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Gadgets

Amazon claims Echo Spot is all about togetherness, not spying

Commentary: In its first ad for the screen-adorned smart speaker, Amazon gets warm and fuzzy.

Technically Incorrect offers a slightly twisted take on the tech that's taken over our lives.


All about togetherness?

Tyler Lizenby/CNET

Have you already ordered your Apple HomePod?

Or does your heart hanker for a smart speaker with a camera and a screen that lets Amazon drop in to your life whenever it's, well, necessary?

With perfect timing, Amazon has just released its first-ever ad for the Echo Spot. And it jerks the tears from your eyes, one by one.

Grandma is left all alone. Her family has left. She's sad and lonely. Well, she does have a very nice cat.

Suddenly, a box arrives from Amazon. 

In it is an Echo Spot, the alarm-clock shaped device that my colleague Ry Crist found a touch disappointing in his review.

With the Echo Spot delivered to grandma, there's a card. "Alexa, Call Home," it reads. 

Grandma tries this and her family magically appears on the screen. 

They're all pleased to see her and it's clear that, from now on, everyone will live happily ever after.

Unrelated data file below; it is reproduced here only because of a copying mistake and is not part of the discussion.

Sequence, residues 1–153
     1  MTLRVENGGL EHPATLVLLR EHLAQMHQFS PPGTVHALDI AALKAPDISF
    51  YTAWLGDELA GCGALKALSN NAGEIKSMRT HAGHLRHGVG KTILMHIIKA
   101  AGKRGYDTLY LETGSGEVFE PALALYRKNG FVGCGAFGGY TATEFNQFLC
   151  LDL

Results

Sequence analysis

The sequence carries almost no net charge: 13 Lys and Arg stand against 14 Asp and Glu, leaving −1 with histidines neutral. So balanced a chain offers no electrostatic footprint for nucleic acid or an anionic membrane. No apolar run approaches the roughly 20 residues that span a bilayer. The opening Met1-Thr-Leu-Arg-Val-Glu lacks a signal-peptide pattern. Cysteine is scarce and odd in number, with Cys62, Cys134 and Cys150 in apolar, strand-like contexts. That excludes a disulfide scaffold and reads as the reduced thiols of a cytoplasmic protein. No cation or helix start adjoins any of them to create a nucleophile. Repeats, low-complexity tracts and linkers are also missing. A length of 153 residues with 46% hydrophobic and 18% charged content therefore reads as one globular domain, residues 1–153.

It's a powerful tale, one that will surely resonate with families who live far apart from each other. Although some might mutter that whole families might not be so pleased to have grandma just drop in like that. They'll be far too busy staring into their personal devices.

Still, I can't quite get used to the intrusive element such gadgets bring with them.

Amazon insists that the Spot doesn't spy on you. 

It says it only streams the camera's feed during video calls and drop-ins -- the feature that allows permitted parties to intrude on others unannounced. (Those being dropped in upon have 10 seconds to reject your drop-in or put some clothes on.)

I find my natural mistrust doesn't quite embrace the company's promises. In this, however, I feel sure I'm in the minority.

People have given up on the notion of privacy, until their own is somehow seriously compromised. 

Which is why Amazon's message here is so tempting. "Be Together More," concludes the ad. 

Yes, but with whom am I really together?

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